CindyDianne said...

I guess I'll stop now.

pseudosu said...

This is so interesting because some of my characters are musicians. I've often been curious about the recording process. It's cool to think about "what IS sound anyway?" what's the difference between what we head when we hear a band play live, and listen to a recording. Thanks!
ps-- You are so cute in your coveralls!

pseudosu said...

sorry- "hear" not "heaD". Typo queen strikes again.

Shelli said...

looks awesome!

Biddie said...

Yes, I have a question. Who did the taping? Shawn is VERY impressed!

Heidi the Hick said...

OH Bridget! I will tell the guys about Shawn being impressed! They were hoping they'd do it justice. It took forever to get it all straight... it took A LOT of that goopy sheetrock stuff... and so much sanding. There were heavy white clouds of drywall dust in the kitchen. For days. Weeks. We will be cleaning that stuff up for months, I'm sure.

(at this point I'm willing to say it's worth it!)

THANK YOU SHAWN! YOU ARE THE BEST BIG DUSTY DUDE IN THE WORLD!

Shelli, thanks!

soodo-soooo, glad to help out, and any recording related questions, you just send 'em my way. And then I'll ask Jethro when he's half awake. It's amazing I get to know anything at that rate. Twenty years of sleep deprived mumbling, that's how I learned about the music making!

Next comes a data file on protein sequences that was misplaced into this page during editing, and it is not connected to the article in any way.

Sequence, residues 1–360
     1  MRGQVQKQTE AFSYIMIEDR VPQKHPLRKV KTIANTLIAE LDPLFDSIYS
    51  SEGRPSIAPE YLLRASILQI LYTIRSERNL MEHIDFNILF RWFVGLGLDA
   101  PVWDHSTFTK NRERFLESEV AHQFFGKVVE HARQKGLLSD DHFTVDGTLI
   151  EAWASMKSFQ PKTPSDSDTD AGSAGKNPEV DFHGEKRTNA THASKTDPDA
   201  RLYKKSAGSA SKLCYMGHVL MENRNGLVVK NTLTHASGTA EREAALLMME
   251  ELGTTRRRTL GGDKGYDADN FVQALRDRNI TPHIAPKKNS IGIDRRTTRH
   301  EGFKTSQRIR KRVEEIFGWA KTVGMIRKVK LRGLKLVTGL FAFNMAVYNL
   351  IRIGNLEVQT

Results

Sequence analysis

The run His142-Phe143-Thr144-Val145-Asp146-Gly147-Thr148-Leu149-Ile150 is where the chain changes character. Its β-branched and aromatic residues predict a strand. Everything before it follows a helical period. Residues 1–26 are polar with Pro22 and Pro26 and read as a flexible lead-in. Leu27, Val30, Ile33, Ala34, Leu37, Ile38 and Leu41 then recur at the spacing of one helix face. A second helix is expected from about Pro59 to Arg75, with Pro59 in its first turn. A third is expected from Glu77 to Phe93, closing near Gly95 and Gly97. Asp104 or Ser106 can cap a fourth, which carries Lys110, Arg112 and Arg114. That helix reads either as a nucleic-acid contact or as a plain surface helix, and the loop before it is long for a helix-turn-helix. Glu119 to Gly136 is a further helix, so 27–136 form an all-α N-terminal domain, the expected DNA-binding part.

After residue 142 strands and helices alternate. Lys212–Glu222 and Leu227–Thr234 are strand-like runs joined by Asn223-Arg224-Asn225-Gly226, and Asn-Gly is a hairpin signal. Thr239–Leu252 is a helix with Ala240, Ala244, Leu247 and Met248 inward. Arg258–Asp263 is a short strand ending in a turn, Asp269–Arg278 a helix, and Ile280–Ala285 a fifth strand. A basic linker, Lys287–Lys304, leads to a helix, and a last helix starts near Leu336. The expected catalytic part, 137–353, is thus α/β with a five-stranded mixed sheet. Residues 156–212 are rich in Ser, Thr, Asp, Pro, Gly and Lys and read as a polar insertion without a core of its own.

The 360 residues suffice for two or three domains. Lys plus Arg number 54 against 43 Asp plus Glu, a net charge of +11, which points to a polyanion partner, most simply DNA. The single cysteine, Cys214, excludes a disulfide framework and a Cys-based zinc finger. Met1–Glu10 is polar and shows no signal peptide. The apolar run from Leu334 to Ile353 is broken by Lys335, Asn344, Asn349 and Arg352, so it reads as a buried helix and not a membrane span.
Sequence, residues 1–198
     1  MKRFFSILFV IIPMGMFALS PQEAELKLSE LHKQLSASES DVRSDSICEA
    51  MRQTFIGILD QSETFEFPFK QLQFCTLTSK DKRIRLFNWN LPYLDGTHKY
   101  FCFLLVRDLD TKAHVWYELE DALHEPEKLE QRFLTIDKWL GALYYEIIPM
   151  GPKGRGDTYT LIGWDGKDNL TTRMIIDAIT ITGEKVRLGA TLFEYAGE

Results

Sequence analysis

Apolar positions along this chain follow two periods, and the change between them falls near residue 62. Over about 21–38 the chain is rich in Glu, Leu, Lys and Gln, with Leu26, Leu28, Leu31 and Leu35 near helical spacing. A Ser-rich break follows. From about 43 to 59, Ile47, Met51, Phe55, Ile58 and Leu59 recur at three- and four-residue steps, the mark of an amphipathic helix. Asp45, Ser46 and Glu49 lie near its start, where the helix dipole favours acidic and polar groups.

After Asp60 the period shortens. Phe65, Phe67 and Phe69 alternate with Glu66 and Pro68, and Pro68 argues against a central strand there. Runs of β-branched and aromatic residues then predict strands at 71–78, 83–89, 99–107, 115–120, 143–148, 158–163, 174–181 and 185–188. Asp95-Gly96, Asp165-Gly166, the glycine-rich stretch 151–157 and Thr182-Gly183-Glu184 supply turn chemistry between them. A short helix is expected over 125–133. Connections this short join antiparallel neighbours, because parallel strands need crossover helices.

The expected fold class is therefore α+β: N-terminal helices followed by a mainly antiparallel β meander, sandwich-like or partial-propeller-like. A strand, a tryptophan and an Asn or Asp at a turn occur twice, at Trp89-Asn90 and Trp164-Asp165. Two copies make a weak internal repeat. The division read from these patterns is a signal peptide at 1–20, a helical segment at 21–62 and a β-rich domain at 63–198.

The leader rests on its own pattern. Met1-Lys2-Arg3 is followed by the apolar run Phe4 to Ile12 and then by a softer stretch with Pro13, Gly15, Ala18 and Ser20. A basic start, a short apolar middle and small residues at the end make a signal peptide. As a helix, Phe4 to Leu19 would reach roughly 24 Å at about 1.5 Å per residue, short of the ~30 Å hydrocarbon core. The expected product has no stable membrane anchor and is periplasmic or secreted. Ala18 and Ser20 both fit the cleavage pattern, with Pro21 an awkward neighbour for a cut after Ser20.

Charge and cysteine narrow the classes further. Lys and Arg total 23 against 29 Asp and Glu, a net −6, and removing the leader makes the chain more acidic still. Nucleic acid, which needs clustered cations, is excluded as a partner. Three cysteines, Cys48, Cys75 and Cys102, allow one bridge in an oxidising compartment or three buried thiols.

Cindy, you crack me up! I am pretty sure if you lived closer, or I lived closer, we could trade somehow. I don't know why you'd need a lesson though; I've seen pictures of you and JJ and you look like you ride just fine! As for music, you just keep listening and loving it and we'll sneak around and make sure there's enough of it to go around!

Heidi the Hick said...

Cindy, I just rethought that: I know why you would want a riding lesson. Because all of us can find a way to improve, every one of us who loves to ride.

Heidi said...

and here I thought it took so long because you were writing, and riding, and cleaning stalls, and raising kids....